Throughout this process I've left Barrett the boy and have become Barrett the man. A man who released the shame he felt for wanting to love another man. A man who addressed issues that were holding him back. A man who has started to live authentically. A real man.
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Dear you,

I've always been scared of the word "man"; today I take that word and own it!

I guess I should start with the fact that I'm an anomaly and have never really fit into any one category or group. It's something that I've learned to enjoy, as I'm able to comfortably fuse into many different situations. However, never completely belonging and being somewhat of an outsider can be taxing. I've always felt the need to explain myself, to have others understand me. I've lived under that pressure for a long time, and I pride myself on not letting it determine who I am.

With that said, I want to tell you something. It's something many of you know, and something the people closest and dearest to me have known for a long time.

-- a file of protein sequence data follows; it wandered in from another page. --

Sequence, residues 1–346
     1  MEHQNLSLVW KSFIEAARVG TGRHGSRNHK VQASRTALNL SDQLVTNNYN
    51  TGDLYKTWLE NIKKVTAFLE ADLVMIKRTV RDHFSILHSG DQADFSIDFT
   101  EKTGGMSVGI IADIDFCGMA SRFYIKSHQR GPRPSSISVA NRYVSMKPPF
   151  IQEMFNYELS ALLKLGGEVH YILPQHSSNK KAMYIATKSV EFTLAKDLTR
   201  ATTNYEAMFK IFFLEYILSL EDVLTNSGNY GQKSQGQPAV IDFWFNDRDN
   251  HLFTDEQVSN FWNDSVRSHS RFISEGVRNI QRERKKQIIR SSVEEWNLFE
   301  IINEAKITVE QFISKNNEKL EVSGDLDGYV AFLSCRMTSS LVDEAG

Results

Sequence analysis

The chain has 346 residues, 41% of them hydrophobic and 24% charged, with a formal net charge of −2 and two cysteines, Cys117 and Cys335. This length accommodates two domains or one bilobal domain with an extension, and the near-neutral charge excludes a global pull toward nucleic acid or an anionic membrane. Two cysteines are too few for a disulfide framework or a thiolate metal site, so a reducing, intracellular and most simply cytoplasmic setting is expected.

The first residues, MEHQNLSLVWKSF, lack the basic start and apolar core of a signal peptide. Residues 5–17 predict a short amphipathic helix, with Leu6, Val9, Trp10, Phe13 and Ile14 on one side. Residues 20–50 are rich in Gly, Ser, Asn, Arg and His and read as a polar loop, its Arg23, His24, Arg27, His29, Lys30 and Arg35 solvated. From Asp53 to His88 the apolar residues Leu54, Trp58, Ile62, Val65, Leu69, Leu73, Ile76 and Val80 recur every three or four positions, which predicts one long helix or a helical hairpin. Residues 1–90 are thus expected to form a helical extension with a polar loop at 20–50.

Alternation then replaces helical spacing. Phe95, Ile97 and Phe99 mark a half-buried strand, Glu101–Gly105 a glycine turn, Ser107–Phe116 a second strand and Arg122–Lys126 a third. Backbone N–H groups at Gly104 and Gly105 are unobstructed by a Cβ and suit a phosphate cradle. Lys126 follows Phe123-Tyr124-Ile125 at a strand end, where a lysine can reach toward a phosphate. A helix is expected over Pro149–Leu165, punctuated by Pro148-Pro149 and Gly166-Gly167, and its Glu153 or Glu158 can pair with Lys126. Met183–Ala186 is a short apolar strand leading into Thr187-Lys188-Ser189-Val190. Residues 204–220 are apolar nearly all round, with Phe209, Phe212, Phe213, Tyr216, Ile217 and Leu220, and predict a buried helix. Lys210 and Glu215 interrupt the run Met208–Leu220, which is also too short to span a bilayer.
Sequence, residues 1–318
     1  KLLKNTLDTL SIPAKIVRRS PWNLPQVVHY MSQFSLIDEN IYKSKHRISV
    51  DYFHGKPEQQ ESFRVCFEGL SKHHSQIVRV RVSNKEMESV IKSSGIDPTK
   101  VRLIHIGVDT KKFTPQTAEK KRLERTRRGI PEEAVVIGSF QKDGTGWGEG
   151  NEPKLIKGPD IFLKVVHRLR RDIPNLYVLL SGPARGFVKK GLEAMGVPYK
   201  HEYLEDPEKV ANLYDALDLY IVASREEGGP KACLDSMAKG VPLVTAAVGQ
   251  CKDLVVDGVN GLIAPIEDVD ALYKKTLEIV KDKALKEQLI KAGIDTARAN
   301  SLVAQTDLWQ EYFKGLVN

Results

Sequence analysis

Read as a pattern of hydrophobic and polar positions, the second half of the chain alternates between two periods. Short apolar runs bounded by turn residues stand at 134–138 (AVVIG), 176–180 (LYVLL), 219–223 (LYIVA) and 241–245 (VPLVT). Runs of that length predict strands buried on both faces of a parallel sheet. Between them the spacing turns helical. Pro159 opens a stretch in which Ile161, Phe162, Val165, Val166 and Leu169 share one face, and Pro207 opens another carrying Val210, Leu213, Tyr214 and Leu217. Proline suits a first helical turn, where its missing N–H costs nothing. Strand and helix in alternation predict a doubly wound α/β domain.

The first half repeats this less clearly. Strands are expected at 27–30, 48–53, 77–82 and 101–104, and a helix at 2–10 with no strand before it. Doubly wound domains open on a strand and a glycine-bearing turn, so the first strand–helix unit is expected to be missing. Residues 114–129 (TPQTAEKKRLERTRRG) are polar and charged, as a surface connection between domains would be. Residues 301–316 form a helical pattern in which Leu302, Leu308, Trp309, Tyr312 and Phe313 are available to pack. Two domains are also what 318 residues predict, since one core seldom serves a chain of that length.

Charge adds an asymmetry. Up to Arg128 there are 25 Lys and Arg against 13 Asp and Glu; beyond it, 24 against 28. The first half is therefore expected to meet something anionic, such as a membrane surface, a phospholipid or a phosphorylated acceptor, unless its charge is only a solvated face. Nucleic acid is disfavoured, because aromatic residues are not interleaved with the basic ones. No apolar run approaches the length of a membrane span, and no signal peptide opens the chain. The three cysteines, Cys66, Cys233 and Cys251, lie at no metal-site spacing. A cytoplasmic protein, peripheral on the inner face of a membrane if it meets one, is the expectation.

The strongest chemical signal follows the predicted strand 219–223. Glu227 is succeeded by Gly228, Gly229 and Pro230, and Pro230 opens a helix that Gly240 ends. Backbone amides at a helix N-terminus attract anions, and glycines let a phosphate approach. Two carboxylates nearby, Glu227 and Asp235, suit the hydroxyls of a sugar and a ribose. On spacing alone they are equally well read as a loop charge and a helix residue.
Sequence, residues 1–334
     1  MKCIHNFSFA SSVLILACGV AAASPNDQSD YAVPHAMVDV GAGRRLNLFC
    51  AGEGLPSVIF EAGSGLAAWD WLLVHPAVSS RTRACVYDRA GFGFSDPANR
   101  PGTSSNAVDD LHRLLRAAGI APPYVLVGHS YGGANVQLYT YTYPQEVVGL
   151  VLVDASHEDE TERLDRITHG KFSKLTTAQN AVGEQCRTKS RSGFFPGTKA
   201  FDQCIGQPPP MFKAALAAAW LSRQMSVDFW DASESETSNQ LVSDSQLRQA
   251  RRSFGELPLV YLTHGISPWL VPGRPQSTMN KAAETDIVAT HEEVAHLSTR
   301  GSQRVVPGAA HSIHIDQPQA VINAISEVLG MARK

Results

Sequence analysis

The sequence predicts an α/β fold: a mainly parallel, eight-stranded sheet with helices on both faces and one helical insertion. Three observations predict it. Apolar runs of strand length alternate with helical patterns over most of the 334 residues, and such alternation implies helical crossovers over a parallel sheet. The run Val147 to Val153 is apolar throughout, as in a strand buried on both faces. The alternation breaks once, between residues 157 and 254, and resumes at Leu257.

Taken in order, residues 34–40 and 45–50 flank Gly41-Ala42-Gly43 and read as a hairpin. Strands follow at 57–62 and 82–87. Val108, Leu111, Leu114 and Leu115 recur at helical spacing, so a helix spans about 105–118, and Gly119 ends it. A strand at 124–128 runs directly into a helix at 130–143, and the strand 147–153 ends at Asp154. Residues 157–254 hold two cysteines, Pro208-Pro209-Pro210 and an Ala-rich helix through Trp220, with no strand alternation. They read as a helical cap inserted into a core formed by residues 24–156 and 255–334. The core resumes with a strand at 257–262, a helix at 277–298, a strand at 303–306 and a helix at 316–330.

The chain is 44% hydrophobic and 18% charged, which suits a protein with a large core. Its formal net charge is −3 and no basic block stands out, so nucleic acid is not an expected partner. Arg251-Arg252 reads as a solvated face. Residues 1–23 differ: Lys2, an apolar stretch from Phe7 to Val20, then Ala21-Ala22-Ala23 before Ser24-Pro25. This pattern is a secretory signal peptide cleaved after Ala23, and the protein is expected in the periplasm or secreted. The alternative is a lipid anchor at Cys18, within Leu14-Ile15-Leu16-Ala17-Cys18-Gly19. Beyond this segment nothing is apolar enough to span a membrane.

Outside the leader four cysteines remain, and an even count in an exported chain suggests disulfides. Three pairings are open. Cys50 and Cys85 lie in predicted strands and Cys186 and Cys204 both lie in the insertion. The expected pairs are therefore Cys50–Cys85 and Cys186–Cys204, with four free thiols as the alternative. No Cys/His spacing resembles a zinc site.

I'm gay.

Just writing it sends a rush of adrenaline through my body. That last bit of the metaphorical chip on my shoulder disintegrates, and a lightness has washed over me. I'm free.

This minute detail in the complexity of who I am ultimately means nothing to me, but so much at the same time.

As far back as I can remember, this trivial fraction of who I am has haunted me. I was in fact gay but didn't know it for myself yet. Sure, looking back at life, I see how the fact that I loved Barbie, my best friends were girls and I was sensitive could all be "telltale signs." But why? Why did you care what I liked or who I played with? Why did you care that I was sensitive? Why did you care that I was gay?

I think what's so hard for me is that I probably would've come out much sooner, but being labeled "the gay kid" when you in fact do not identify with who that person is supposed to be is so hard on one's psyche. You fight so hard against something that you don't have a problem with but just don't connect with that it becomes a constant struggle. Had all the people I had pushing this on me just let me be me, I would've been able to figure out things so much more quickly, and without a sense of fear, pressure and hardness.